The confusion of people with their behavior and inclinations has entered the law via SOGI laws, and the interpretation given them by the courts (with rare exceptions, such as Masterpiece Cakeshop and the earlier Bakersfield, California case) that there may be no discrimination against the behavior of the protected identity. Logic doesn’t require this, and courts could distinguish between people in a behavior based category and the behavior itself, as was in fact originally promised, but this assurance was false. But Christians and anyone else who cares about the truth must never concede that the confusion of persons and behavior is proper, either in our actions (i.e., in facilitating sinful behavior) or in our speech. For Christians, at least, we regard this as our duty, as we know by the words of Jesus we may not be complicit in sin (Matt. 18:7).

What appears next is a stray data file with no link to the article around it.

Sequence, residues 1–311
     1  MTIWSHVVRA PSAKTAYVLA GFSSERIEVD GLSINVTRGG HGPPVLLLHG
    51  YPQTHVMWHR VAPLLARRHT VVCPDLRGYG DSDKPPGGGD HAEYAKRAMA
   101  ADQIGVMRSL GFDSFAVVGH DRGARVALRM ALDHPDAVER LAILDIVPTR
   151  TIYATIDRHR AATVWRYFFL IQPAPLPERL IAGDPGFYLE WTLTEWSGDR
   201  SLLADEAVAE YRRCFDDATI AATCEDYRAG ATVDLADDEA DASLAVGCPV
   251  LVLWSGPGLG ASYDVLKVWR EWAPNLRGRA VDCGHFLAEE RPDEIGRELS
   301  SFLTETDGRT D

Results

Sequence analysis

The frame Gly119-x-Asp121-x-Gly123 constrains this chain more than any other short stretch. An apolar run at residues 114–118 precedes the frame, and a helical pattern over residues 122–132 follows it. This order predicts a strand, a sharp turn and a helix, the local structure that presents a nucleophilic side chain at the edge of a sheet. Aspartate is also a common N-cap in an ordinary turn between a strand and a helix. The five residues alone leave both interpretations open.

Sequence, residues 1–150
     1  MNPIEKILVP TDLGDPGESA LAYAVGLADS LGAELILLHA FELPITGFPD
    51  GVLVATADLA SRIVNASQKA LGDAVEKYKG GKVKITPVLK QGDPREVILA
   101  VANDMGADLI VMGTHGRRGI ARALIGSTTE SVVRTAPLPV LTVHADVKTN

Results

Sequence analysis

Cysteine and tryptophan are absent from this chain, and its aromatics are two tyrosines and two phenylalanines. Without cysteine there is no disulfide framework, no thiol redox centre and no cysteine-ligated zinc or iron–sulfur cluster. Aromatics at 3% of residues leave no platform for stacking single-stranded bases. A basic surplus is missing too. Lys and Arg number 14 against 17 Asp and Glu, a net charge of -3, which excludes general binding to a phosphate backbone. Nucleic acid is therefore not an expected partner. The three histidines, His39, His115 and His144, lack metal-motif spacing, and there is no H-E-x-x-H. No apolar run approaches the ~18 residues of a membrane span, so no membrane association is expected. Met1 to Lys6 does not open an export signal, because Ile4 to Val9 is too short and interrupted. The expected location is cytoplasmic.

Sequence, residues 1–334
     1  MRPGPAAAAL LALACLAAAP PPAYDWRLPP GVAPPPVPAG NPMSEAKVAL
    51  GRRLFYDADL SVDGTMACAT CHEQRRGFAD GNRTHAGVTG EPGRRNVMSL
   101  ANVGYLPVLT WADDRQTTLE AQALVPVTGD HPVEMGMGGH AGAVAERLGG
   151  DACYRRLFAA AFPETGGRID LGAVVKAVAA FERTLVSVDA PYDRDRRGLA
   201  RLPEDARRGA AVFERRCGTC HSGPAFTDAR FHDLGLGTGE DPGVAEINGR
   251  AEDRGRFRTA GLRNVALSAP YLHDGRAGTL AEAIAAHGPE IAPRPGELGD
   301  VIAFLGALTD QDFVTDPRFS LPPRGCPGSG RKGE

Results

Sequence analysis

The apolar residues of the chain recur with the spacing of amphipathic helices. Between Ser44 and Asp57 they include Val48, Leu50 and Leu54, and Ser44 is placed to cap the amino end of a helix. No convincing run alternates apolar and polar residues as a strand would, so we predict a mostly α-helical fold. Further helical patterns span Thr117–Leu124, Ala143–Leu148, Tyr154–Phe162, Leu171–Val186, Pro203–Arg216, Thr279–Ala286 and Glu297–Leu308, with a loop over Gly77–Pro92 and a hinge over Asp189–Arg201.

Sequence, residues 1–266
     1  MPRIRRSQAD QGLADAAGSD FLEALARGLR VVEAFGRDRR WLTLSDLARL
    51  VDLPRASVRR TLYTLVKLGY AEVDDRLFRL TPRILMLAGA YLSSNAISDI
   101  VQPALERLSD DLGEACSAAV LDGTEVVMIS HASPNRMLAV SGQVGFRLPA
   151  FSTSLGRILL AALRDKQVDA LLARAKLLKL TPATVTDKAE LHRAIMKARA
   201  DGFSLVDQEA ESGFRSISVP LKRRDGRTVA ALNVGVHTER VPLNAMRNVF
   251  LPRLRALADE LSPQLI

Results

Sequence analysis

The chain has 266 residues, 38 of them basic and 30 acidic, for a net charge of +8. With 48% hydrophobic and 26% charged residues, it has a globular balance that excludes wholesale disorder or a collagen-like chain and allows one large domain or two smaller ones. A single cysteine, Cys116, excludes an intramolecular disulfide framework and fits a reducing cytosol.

Any claim that declining complicity in homosexual behavior is “discrimination against gay people” must be immediately corrected. It is conscientious objection against homosexual behavior. Any claim that a religious organization that bans homosexual behavior is “banning gay people” must be denied. It is prohibiting homosexual behavior, as its status as a religious organization requires it to do. Any claim that single sex restrooms deny “transgender persons” their rights must be immediately corrected. Sex should be determined by physical reality, not wishes or inclinations. And most basically, we must repeat over and over again, that those now called “LGBT people” do not need legal protection. They have the same legal protection everyone else does. Personal behavior must be subject to discrimination. The fact that homosexual and transgender behavior has historically been condemned and is still widely believed immoral is not a reason it should be privileged. However much anyone is pained, it must be is open to question and criticism. It should not be privileged from adverse judgment.